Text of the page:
There’s the Why, and Then There’s the How Much

auction for Curt’s Pitch for ALS organized by the Sons of Sam Horn website in the memory of John Hoyt.

It’s on the block until August 10th at 8:00PM, so far the highest bid is $550 (as of 7/17 at 10:45AM), which is nice. Until now, the highest amount of money I’ve ever sold a piece for is $200. Of course, that $550 isn’t a true reflection of the buyer’s valuation of the piece as art, because the bid is inflated due to the charitable nature of the auction. But that hardly matters, because what it essentially amounts to is that it’s the equivalent of me writing a $550 check to this cause, something I’m not actually able to do at this point. So I was able to utilize my talents to benefit a noble cause in a way that far exceeds my own financial capacity, and it feels really good to be able to do that. If the buyer ends up actually digging the piece, so much the better.

I’ll be doing a second drawing for the auction as well. There’s a possibility that the combined sale prices of both pieces will exceed $1000. It’s kind of mind-blowing, and I genuinely feel much better about this sort of transaction than if I were selling the pieces for profit at a lower price. I’m still really uncomfortable about charging money for my artwork, primarily because I’m usually selling pieces to friends and acquaintances, so it just feels awkward  to me. In all seriousness I know I’m undercharging for my art (which is borne out by the fact that I have steady work and future buyers on tap), but it’s hard because art is subjective and what’s worth $200 to one person is worth $550 to another and worth 75 cents to yet a third. Ideally I’d create a piece on my own and set a price I thought was fair based on the amount of work I put into it, and some stranger would agree and then buy it from me. Doesn’t really work that way, at least for 99.9% of the artists out there.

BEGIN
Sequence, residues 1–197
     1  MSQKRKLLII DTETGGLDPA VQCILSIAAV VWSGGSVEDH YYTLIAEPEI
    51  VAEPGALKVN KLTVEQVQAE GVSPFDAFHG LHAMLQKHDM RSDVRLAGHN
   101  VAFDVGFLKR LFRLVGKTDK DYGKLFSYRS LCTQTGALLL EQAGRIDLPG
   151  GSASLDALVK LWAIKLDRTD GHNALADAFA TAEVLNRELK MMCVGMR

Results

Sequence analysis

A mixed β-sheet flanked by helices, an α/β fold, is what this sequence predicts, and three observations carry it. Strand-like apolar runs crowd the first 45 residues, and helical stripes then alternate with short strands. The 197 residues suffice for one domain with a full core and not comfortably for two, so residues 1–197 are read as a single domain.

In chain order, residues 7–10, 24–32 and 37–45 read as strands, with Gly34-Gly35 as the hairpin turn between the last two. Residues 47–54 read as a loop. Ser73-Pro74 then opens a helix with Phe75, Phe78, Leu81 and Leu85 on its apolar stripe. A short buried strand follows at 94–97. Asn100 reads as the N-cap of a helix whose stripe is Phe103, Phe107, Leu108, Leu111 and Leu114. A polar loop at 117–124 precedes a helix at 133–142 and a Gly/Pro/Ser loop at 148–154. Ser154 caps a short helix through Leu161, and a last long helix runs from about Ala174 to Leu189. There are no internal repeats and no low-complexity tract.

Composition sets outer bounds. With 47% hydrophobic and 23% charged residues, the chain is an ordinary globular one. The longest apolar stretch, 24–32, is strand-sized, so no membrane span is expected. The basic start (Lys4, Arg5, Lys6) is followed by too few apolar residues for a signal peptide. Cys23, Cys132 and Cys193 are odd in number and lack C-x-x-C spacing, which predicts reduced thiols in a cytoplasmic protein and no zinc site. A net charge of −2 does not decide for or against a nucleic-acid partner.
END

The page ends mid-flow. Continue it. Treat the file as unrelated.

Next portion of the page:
In the meantime, participating in stuff like this is a really rewarding consolation prize.

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